Digital signal standards such as HDMI and DVI-D send the pixel data not as a triplet of 3 intensities, but as a triplet of 8 bit bytes. Each byte from each bit is sent using a differential digital signal rather than a single-ended analogue signal. This greatly reduces the effect of signal integrity loss that occurs over the cable because the transceivers can only send and receive 1s and 0s, nothing inbetween. As a consequence, any errors in transmission will be much more pronounced but they are extremely rare given a good cable.
  4. Pinhedd, thanks for taking the time and going to the effort to so clearly and thoroughly reply regarding the differences between VGA and HDMI or DVI-D technologies. Google brought me to this thread after I searched for clarity regarding the HD via VGA question, and I hadn't dared hope for such a high quality explanation.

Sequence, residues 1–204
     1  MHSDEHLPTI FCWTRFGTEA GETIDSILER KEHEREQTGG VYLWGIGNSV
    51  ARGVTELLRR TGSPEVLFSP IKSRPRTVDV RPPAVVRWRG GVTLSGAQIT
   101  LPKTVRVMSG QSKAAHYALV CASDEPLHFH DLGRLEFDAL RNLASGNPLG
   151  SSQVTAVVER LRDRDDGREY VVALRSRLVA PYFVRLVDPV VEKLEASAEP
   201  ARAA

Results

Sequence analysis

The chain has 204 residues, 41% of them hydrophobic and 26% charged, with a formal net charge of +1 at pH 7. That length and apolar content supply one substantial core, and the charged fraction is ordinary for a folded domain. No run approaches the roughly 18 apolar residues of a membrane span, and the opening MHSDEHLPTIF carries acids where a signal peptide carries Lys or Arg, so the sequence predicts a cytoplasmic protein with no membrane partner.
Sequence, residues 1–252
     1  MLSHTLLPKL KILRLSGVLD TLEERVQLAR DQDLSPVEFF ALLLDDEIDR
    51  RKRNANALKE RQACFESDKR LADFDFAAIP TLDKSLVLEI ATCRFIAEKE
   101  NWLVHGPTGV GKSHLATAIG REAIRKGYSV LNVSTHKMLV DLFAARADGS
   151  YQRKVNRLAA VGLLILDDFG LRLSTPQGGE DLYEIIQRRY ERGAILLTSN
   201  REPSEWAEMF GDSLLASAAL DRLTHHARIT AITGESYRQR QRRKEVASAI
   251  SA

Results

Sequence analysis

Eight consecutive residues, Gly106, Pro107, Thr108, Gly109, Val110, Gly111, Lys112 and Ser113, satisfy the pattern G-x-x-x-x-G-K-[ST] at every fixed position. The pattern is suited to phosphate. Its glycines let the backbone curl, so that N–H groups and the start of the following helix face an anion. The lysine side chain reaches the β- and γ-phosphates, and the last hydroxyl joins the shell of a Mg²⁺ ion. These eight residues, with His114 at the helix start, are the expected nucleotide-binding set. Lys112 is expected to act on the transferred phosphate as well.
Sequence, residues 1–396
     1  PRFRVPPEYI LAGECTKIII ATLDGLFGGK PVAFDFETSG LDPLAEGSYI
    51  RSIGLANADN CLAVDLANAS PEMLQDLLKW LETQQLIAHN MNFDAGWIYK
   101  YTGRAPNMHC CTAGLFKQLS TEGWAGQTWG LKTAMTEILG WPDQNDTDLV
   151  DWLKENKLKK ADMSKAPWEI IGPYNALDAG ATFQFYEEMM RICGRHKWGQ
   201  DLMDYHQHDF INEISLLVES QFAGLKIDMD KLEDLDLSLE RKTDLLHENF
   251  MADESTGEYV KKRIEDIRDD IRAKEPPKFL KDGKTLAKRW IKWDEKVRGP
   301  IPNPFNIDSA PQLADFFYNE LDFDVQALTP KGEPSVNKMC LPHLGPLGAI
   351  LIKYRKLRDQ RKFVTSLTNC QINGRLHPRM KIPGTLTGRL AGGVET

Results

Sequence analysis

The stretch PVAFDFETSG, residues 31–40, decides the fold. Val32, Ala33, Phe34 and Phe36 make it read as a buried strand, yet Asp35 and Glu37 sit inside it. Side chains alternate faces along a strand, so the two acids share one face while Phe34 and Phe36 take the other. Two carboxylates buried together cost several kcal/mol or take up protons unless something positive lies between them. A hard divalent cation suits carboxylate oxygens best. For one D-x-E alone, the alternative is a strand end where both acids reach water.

Thanks again!
  5. vampyiere6 said:
    Pinhedd said:
    VGA can indeed support 1080p. The quality of the signal begins to drop off above 1920x1080 (1080p) which will cause a drop in image quality due to the analogue nature of the signal but with a good enough cable and transceiver on either end it can be used for resolutions up to and including 2048x1536.


    ok thanks so that monitor would be good even when it just has vga connector, with some color calibration i guess.

    If vga can support 1080p why are ppl so much against it then? and want hdmi or dvi (like me i want dvi)
    Since i tought vga cant do 1080p since ppl hate it so much.



    HDMI cables can do audio and video but VGA cables can only do video.